Johannesburg CBD artists put up exhibition in honour of students of 1976

By Edward Tsumele, CITYLIFE/ARTS Editor

The youth of 1976, the learners that made history when they confronted the Apartheid administration head on over the issue introducing Afrikaans as a language of instructions at black schools today are celebrated as heroes. But to the apartheid state then, they were seen as trouble makers and some of them lost their lives as they were shot at by the police. Yet others till this day carry the scars from that skirmish, psychological and physical scars. These scars are not healing easily.

Today the country is free, but that does not mean that the youth of today do not have challenges of their own, a different generation and different set of problems in society.

For example when students at tertiary institutions took to the streets on and off campus in 2016, citing the issue of expensive tuition fees and the alienating curriculum, they framed their protest in relation to the 1976 Sowero Uprisings as the protest is called, and framed their argument for the action as a struggle for the right to learn in a democratic country.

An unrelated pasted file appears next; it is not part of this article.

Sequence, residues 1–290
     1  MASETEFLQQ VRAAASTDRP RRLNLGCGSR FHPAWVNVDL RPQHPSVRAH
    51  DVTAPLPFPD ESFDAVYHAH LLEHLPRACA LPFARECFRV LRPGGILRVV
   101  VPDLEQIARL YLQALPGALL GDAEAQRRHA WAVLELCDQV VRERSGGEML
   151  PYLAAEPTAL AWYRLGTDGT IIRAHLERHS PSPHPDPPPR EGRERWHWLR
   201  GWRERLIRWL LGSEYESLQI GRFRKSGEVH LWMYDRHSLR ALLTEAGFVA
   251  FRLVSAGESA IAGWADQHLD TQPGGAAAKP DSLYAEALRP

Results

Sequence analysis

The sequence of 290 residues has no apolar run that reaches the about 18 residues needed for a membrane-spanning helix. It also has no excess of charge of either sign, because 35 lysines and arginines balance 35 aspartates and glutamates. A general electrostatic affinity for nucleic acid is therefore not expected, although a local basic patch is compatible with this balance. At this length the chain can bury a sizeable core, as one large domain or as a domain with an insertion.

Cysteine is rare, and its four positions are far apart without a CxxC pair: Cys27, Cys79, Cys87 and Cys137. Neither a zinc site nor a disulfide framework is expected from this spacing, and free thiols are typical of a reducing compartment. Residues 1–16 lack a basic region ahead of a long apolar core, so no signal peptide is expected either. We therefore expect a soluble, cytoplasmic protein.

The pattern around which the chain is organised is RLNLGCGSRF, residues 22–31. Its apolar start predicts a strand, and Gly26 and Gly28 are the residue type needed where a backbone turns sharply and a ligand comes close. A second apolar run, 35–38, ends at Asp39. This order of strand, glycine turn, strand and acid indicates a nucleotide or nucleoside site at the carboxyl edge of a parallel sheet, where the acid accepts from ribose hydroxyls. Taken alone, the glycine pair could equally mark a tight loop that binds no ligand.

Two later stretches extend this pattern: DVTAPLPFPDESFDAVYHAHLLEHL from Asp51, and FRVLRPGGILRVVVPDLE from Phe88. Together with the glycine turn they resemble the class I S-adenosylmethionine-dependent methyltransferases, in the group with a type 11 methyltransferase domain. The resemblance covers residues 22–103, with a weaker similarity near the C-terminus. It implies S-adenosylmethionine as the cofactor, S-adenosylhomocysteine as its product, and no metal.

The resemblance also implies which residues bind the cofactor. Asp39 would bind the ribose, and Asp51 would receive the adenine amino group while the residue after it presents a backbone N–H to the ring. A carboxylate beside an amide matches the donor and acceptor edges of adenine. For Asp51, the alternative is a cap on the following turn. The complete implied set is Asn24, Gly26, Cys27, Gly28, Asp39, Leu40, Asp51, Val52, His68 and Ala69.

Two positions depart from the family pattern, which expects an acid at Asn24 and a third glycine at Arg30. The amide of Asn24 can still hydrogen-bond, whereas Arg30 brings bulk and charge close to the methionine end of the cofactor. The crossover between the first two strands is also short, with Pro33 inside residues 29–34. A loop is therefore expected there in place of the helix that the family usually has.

This June, a group of visual artists, most of them too young to have been part of the 1976 protests are putting up a pop up exhibition in inner city Johannesburg and among those3 participating in this exhibition are Themba Khumalo, Mbali Tshabalala,  Vivien Kohler, Michaele Selekane, Steve Maphopho, Stephan Langa, Sthembiso Zwane, Lloyd Maluleke,  Patrick Seruwu,  Zamani Xaba, Sibusiso Makhunga, Walter Maluleke,  Philip Mabote, Samson Mnisi, Lebohang Sithole and Victor Kuster.

in a media release sent out this week ahead of the opening of the exhibition on at 94 Main Street, Marshalltown, Johannesburg this June 16,.the  artists revealed that the title of the exhibition is 16 June: 1976 – Here Now .This event will include live performances by jazz ensemble, iPhupho L’ka Biko and multi award-winning poet Christian Maz, the artists state in a statement.

The exhibition 16 June: 1976 – Here Now opens at 11am – 4pm at 94 Main Street, Marshalltown, Johannesburg this June 16.

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